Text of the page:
Posted February 24, 2020
by Linda Diamond, President, CORE and author of Teaching Reading Sourcebook
When I was seven years old, my mother and father brought home my newly adopted baby brother, Larry. Right from the start, I thought that he was mine and that it was my job to protect him and love him. And I tried. But he was not an easy child, and as he grew older he was always in trouble and sometimes violent, even breaking car windows on the neighbor’s car and hitting another neighbor with a baseball bat. He was angry all the time, but I didn’t know why. However, when he was in seventh grade I realized that he couldn’t read and that every day at school was another day of rage and embarrassment. He brought those feelings home with him. Not one of his teachers tried to help and my parents were at a loss, so I, a high school student and knowing very little, tried to help him. I taught him letters and then I did flash cards, and we would laboriously sound out easy words. Often after a really bad day at school he would crawl into my bed and let me read to him. And during those quiet times, he would ask, “Why am I like this?” I had no answer.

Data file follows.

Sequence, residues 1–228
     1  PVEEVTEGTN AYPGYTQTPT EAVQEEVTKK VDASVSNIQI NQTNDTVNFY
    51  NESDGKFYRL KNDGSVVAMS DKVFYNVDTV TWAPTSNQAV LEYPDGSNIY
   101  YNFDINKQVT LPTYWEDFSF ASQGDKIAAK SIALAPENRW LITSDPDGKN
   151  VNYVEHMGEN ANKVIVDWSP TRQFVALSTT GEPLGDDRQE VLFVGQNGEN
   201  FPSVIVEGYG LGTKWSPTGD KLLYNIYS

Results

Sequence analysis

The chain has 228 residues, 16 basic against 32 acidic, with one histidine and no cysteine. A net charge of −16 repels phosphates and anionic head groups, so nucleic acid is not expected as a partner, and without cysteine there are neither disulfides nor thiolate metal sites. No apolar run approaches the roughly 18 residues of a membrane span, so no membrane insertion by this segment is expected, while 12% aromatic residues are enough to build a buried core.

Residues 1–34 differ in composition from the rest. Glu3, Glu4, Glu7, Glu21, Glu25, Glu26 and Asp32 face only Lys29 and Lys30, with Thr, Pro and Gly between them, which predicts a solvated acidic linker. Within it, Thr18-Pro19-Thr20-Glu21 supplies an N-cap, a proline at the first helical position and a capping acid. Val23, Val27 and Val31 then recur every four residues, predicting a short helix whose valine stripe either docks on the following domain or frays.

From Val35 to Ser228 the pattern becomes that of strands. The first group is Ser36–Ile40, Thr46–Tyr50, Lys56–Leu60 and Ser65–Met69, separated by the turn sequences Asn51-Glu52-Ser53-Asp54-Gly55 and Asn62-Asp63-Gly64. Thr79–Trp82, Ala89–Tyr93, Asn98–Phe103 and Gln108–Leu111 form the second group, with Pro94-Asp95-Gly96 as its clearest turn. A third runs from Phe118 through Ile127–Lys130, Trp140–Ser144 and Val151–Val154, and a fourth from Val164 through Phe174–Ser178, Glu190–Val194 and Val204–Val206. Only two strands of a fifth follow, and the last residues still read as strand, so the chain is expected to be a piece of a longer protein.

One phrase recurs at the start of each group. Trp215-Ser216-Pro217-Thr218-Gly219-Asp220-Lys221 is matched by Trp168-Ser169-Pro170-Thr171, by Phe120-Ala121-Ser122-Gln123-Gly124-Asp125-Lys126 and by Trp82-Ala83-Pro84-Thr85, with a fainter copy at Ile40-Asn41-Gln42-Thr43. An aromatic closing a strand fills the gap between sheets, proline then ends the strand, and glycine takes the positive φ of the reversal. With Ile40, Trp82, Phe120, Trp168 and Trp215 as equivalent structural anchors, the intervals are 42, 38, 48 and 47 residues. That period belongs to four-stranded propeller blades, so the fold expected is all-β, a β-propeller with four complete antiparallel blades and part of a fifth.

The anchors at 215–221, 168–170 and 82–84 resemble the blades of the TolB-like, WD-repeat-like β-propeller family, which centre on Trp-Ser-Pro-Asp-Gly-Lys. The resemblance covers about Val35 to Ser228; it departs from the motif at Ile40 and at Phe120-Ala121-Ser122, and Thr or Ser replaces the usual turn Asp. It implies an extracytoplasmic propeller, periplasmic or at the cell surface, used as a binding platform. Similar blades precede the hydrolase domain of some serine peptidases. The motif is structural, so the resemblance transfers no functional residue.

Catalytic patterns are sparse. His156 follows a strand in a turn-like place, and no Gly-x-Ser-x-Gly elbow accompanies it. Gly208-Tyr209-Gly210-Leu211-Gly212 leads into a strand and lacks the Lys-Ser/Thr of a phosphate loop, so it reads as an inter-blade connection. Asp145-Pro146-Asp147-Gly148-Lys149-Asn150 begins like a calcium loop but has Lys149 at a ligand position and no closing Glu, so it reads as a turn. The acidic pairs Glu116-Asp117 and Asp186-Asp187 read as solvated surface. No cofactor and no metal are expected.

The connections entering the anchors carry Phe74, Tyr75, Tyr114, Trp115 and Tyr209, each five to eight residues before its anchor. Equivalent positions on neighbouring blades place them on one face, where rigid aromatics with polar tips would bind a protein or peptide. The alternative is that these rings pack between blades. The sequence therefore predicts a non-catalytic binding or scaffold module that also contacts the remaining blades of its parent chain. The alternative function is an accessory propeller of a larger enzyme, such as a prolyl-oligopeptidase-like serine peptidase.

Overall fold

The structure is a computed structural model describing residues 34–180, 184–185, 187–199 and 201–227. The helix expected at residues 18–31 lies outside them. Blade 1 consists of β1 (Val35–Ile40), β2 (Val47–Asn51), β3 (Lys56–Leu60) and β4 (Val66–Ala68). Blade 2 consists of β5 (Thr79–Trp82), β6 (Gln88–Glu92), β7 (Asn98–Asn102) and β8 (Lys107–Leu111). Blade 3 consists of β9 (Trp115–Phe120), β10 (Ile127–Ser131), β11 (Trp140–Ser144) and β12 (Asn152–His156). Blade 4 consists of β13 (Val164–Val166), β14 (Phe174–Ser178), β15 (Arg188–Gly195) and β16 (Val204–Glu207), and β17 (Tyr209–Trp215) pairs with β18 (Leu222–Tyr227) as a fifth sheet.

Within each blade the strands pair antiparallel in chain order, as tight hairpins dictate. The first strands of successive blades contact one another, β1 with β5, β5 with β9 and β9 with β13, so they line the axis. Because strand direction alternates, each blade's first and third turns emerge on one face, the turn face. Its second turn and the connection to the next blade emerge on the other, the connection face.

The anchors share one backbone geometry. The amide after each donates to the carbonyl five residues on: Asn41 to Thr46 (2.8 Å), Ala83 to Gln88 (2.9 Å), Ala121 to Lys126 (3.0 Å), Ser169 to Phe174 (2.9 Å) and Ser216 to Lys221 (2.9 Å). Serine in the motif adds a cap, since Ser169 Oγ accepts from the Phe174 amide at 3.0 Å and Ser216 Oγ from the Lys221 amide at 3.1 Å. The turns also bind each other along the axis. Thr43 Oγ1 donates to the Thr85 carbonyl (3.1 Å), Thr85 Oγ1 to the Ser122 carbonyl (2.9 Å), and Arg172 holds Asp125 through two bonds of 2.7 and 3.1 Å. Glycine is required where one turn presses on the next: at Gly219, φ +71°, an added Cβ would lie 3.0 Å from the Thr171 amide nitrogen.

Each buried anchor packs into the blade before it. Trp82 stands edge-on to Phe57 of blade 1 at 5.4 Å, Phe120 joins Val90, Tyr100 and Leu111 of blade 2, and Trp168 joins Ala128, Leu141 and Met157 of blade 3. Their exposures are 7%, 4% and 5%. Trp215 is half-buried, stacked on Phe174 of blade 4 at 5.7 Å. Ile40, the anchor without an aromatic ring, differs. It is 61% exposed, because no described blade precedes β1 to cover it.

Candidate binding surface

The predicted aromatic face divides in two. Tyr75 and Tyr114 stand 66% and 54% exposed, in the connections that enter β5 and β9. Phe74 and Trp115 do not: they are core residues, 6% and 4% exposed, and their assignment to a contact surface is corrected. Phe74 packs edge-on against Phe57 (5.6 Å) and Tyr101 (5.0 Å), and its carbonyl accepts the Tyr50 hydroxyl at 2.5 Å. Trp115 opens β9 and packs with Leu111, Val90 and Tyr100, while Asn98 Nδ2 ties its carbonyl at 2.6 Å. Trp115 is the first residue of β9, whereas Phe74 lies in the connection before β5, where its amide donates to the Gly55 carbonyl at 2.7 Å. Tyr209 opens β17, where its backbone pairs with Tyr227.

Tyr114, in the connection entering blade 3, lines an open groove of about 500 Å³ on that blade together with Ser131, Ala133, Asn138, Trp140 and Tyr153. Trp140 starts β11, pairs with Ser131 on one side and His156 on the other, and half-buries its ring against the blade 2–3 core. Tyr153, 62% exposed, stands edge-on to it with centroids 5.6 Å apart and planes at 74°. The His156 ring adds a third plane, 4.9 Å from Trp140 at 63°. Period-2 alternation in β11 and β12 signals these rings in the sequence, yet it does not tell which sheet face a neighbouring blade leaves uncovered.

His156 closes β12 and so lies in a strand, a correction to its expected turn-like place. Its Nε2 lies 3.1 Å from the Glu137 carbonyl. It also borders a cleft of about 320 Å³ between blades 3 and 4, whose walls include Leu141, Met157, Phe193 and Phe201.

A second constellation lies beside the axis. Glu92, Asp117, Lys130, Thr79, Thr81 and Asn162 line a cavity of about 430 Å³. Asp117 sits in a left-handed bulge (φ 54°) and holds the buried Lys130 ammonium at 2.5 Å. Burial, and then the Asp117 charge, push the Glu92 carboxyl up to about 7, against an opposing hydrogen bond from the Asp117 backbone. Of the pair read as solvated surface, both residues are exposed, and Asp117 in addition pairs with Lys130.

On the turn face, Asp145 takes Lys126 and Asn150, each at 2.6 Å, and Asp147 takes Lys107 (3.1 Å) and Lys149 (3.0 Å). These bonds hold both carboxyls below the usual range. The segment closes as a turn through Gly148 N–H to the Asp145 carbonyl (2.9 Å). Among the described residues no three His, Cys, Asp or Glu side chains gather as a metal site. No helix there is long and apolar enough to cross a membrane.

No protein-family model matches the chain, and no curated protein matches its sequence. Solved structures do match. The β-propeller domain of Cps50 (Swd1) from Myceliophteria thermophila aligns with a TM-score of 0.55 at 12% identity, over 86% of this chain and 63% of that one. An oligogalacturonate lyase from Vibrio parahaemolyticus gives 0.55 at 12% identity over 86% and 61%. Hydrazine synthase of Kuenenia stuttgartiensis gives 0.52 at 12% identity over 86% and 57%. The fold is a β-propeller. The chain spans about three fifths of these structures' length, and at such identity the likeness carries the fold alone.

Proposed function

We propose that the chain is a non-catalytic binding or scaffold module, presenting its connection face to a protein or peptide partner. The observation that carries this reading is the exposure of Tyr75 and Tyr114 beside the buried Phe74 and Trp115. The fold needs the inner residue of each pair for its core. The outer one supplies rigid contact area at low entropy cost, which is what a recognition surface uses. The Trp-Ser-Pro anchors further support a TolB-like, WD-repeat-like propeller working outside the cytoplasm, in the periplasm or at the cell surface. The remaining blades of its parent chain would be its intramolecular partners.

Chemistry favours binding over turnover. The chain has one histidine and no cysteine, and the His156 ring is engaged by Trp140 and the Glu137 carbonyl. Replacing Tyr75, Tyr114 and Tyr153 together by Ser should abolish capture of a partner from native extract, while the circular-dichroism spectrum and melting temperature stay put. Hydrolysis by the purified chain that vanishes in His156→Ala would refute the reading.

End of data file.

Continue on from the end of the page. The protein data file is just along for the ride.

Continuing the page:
During high school he was in and out of jail and Juvenile Hall. It came to the point where when the police called, I would go pick him up and bring him home. One day I got a call while I was teaching my high school students (yes, I became a teacher). The principal handed me the phone, and an officer gave me the news that my brother had been found dead of what was deemed an intentional drug overdose. He was in the morgue and I was called to identify him. That last loving act fell to me, and that is why I cannot rest or be quiet until every student gets teachers who are committed to teach reading effectively, so we don’t continue to have reading casualties like my brother. It was February 1975.